Halls Gap, we were greeted by hundreds of wild kangaroos all over the park. As we cooked the hot dogs, the cute little guys perked up and watched closely, but they just love eating grass and didn't get aggressive at all. I also saw several kookaburras and was shocked at how much they really sound like loud laughing monkeys.  Another group of birds that visited our camp a bit too often was a gang of cockatoos. They look cool but they were real punks. They surrounded us every morning as we ate cereal, tried to get in our van, and even jumped on Mike's shoulder to snag his pbj. When we refused to feed them, they began the really ridiculous antics: squawking and fighting with each other, hanging upside down to drink from our faucet, chewing on our extension cord, and trying to steal our towels. Little buggers. 
Across from the camp was a row of cute shops along a little creek. We had a nice time checking out the stores and I discovered a new fascination with coffee flavored ice cream. 

Brambuk aboriginal cultural center was full of artifacts and history of the area and the aboriginal people who had been living there for hundreds of years.   It was fascinating to see how similar the struggles in Australia are to those of the Native Americans. You could also participate in a guided bushwalk to learn about the medicinal plants. The center offered boomerang classes and traditional bush food (emu, kangaroo, and crocodile). 

Sadly, the same nasty weather that blocked the main road into the park also caused landslides that closed off many hikes. Upon checking into the ranger station we learned that the hike we had our eye on (the wonderland loop) was blocked. However, they provided us with a map of hikes that were safe to tackle. We settled on Boronia Peak and made our way to the trail head. We had bright blue skies and lots of heat on our steady climb to the summit. The last 50 yards or so was a rock scramble to a 360 degree lookout featuring views of lakes, forested hills, cliffs, and farmland. We took a well deserved break and as we started in on our oranges we were joined by a school group of 20 or so thirteen year olds. We could almost watch the chaperone's hair go gray as his class carelessly hopped around the rocky peak with steep falls on every side. More than a few times he mentioned all the paper work he would have to fill out if any of his students fell. We extended our break until the school group was a good ways in front of us and then made our descent back to camp where we refueled on leftover hotdogs and baked beans.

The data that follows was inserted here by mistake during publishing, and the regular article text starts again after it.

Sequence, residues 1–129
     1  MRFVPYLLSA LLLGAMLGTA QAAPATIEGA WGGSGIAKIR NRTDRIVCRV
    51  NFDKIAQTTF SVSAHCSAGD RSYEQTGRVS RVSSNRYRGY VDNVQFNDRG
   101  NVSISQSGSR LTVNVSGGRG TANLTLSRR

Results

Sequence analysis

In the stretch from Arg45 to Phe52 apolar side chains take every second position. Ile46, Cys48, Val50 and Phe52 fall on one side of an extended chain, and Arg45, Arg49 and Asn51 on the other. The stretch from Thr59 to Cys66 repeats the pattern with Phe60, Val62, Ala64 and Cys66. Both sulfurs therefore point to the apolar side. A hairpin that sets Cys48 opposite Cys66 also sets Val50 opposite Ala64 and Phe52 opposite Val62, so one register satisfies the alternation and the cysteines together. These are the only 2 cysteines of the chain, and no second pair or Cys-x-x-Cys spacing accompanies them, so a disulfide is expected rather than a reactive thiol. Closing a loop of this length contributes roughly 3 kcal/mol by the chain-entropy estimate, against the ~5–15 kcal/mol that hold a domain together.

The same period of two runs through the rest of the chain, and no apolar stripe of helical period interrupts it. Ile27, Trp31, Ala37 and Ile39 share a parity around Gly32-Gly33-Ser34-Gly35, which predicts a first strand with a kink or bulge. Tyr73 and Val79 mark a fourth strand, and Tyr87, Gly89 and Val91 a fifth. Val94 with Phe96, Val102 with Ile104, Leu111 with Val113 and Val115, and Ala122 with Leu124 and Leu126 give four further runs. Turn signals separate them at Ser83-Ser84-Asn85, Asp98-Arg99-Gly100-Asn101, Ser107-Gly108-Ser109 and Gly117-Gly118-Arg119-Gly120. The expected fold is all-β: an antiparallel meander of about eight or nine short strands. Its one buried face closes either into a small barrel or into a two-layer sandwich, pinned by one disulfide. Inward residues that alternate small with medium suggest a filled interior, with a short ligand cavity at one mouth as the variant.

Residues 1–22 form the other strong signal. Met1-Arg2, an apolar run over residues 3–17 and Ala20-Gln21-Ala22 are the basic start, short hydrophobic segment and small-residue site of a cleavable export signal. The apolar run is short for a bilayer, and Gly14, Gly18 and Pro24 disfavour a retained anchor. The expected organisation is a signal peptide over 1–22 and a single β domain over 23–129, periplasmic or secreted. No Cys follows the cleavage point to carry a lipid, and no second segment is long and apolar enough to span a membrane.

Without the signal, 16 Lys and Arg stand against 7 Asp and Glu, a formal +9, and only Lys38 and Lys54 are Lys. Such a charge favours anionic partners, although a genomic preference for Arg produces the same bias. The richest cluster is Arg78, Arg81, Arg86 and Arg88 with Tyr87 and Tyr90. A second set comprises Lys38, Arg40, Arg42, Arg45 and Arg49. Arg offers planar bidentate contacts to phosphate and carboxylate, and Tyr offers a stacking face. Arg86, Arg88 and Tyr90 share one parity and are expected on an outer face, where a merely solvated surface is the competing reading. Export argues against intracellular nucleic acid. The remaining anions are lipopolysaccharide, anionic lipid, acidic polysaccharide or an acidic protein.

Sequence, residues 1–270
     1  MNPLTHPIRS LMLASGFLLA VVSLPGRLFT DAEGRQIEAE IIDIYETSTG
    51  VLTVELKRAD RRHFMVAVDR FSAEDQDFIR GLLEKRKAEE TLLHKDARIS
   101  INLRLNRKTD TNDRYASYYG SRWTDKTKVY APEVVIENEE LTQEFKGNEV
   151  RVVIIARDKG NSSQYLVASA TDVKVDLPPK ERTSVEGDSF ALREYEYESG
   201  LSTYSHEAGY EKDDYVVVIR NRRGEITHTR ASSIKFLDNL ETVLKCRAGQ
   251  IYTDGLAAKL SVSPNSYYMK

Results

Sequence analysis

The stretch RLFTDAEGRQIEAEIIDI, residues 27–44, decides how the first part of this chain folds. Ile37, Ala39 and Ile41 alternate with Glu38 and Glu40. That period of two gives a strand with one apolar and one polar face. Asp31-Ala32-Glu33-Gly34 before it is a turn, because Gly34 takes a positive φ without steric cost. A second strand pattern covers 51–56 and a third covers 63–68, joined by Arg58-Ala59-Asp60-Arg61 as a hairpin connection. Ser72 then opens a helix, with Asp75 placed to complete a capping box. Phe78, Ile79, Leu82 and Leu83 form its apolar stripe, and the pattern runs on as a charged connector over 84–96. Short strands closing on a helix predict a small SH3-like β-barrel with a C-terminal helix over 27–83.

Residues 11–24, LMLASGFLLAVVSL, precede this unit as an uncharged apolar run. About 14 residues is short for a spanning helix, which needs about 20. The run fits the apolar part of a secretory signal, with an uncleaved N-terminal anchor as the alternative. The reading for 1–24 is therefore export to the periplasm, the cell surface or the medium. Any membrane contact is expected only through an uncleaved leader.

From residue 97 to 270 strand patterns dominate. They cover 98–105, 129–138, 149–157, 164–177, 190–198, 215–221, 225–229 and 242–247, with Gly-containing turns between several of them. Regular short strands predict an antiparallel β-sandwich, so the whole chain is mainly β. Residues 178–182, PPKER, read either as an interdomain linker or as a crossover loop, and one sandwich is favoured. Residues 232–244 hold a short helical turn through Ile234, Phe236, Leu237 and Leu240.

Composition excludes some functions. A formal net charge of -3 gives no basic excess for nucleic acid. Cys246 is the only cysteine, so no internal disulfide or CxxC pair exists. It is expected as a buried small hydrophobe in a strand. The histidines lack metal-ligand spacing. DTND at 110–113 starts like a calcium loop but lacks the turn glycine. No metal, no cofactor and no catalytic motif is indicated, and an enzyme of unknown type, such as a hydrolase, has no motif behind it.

After our camping trip we returned our van to Melbourne and flew back to Sydney to spend our last two nights on  Bondi with Jessica and Chris. To our surprise, when we arrived to their apartment there was a package waiting for us. It was a gift from our wonderful friends Britta and Jeremy, full of Valentines candy, travel supplies, and a nice card. Britta had emailed Ray and sent the package to her work, so thoughtful! For our last evening, we decided to have something we would soon be missing: cheeseburgers! Then we packed our bags and set our alarm for a jam packed travel day to Thailand

Sunday, February 20, 2011

Bawley Point - WWOOF Job Australia

We couldn't have hoped for a better WWOOFing experience than we got in the small town of Bawley Point, NSW. It was a genuine exchange where we worked 4 hours a day and received a wonderful place to live and we were welcomed in as family members with some really wonderful

Our Host Family